AN MP has praised a North-East charity for setting the national agenda for the care of autistic people.
Sunderland Central MP Julie Elliott paid tribute to the North East Autism Society (NEAS) today (March 13) as she officially opened a specialist school dedicated to helping autistic children achieve their full potential.
The MP said: “People know about this organisation around the country. You have set the path for a lot of good things that have happened nationally, and you should be proud of that. You are a shining example.”
The opening of Thornhill Park School, in Sunderland, coincides with NEAS celebrating its 40th anniversary of pioneering care for autistic people and those with other neurodiverse conditions.
The Society was started in Sunderland by a group of parents with autistic children, and now provides education, care, employment services, short breaks and family support for autistic children, young people and adults.
Mrs Elliott said there was a growing demand for the work of the Society and described the new school as “fantastic”.
“There are 45 young people here now but there is provision for a lot more and this will become a thriving place,” she added.
Existing Thornhill Park pupils have been relocated from an older site to the fully refurbished and modernised new school, which offers bespoke programmes to maximise the education of each child.
NEAS Chief Executive John Phillipson paid tribute to the “very brave” group of parents who re-mortgaged their homes 40 years to set up the charity when there was no provision for autistic children.
One of the pioneering parents, Paul Shattock, was a guest of honour at the opening ceremony and Mr Phillipson said: “We would not be where we are without him.”
He added: “This school offers brilliant facilities and there are a lot of people here today who helped us to get it over the line. They say if something is worth having, it’s worth waiting for, and that is certainly the case here.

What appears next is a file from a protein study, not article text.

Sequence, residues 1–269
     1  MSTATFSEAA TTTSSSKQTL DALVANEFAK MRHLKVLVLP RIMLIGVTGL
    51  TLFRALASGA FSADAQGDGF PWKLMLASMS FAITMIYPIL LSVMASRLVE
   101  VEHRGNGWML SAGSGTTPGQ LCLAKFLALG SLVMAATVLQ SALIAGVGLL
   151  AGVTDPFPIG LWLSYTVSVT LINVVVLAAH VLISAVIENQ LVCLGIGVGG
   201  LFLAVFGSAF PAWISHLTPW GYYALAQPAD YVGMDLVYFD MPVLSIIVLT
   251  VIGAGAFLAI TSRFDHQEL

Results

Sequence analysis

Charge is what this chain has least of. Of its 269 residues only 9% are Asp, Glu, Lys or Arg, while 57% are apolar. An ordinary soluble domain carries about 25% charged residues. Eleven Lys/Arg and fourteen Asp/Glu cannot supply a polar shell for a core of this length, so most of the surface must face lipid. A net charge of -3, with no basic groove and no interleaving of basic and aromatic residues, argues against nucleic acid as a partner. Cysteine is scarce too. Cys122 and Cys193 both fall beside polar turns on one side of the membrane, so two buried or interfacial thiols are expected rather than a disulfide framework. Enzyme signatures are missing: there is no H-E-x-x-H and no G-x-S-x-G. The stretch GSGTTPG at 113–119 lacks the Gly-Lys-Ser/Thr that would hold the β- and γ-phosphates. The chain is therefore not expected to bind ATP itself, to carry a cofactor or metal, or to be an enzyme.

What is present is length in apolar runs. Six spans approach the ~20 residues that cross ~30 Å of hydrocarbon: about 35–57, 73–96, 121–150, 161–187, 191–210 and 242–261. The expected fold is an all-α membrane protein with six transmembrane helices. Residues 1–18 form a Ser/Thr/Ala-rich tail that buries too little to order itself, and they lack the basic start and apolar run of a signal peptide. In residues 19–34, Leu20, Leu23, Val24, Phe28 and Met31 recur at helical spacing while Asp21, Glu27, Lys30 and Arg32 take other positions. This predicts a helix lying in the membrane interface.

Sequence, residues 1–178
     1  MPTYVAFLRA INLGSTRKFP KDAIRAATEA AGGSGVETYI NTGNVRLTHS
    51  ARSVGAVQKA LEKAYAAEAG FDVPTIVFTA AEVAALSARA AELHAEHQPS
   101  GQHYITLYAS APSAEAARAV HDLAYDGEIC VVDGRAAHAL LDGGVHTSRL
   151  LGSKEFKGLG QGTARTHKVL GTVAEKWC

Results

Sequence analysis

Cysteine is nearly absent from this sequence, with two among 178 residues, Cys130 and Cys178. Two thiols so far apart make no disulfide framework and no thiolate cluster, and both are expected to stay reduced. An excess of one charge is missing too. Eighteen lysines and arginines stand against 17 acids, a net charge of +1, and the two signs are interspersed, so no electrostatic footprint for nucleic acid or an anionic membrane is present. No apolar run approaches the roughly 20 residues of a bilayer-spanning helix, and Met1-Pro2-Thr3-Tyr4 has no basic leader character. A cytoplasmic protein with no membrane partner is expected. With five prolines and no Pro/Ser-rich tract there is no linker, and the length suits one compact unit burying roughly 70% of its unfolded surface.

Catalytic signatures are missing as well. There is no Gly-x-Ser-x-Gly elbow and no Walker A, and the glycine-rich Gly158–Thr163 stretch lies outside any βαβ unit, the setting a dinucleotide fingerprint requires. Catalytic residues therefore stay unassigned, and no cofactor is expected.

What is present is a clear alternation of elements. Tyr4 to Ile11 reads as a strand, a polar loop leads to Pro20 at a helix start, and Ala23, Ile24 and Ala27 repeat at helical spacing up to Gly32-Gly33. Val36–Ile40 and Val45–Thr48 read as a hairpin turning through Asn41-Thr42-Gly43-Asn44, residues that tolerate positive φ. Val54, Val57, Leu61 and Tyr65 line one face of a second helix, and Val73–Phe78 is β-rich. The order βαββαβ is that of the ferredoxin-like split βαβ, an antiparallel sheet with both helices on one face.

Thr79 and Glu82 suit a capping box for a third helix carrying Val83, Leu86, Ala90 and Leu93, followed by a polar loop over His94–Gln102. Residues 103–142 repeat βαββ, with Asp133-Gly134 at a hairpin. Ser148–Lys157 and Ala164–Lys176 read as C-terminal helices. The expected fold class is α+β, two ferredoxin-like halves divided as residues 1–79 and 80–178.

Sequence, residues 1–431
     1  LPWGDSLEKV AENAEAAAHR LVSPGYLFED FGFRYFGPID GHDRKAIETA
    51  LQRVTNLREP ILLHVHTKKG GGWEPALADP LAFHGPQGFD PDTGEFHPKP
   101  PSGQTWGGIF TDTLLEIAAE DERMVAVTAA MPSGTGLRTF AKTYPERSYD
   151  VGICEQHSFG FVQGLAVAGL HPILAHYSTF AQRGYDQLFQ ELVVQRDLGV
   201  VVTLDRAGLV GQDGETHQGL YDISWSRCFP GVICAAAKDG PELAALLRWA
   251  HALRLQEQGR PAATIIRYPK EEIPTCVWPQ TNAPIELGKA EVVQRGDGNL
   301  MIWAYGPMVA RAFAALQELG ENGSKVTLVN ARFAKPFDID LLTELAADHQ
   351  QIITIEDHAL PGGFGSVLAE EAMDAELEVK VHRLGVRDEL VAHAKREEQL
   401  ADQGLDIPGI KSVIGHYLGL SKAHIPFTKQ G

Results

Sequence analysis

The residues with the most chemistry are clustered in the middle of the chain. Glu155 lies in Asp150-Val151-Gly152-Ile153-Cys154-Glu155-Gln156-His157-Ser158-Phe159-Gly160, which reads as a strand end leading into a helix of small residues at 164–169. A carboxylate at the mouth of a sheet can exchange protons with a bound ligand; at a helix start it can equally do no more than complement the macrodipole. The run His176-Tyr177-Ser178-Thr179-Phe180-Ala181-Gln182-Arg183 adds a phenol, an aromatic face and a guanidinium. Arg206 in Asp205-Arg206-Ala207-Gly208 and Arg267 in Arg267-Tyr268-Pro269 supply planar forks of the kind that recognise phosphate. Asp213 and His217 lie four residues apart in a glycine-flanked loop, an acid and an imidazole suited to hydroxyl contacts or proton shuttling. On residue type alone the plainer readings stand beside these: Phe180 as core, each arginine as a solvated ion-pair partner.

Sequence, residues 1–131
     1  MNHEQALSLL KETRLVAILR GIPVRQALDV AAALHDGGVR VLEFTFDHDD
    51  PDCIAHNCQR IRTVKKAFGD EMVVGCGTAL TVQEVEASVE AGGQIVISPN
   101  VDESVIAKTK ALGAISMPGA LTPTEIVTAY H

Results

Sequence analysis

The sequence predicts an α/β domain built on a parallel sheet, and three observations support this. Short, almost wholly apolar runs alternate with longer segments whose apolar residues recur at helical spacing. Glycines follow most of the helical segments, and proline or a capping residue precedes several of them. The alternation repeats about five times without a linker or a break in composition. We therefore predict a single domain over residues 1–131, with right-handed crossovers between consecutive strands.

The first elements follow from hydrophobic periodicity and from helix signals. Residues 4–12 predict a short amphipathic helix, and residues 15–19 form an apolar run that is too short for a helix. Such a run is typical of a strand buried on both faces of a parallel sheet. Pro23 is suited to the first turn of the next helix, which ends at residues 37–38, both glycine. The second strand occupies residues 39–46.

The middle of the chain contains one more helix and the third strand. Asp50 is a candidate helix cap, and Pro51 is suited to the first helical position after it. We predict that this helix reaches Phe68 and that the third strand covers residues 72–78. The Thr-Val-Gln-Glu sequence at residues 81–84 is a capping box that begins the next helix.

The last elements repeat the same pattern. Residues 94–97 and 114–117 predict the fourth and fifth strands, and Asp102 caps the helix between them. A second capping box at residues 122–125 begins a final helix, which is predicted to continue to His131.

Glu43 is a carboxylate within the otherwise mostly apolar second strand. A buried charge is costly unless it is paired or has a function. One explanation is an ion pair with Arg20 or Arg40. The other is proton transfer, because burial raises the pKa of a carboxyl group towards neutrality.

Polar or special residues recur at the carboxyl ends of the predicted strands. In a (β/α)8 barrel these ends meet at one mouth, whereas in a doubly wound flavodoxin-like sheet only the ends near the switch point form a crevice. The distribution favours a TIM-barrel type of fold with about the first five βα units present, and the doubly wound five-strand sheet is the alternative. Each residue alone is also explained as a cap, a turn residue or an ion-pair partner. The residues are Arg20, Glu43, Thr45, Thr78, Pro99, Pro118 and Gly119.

“We try to see beyond labels, and to nurture the growth and development of those in our care, and it is a great honour to support children in that way. This is a great place for that kind of work to take place.”
Mr Phillipson also paid tribute to Mrs Elliott for “working tirelessly” in helping the Society to get ministerial approval to buy the building from Sunderland Borough Council. He also thanked the local authority for its “invaluable help”.
Mr Phillipson went on to praise Chris Dempster, Director of Education for NEAS, and Head Teacher Christine Cave for their efforts in making the move to the new school a seamless transition.
The Mayor of Sunderland Councillor David Snowdon underlined the value of NEAS, not just as an organisation providing dedicated care for 40 years, but as a significant local employer, with 1,000 members of staff.
“Organisations like this make us proud to be from the North-East,” he said.
The civic dignitaries and Mr Phillipson were helped to plant a time capsule in the school garden by three of the Thornhill Park School pupils, Kieran, Kate and Coree.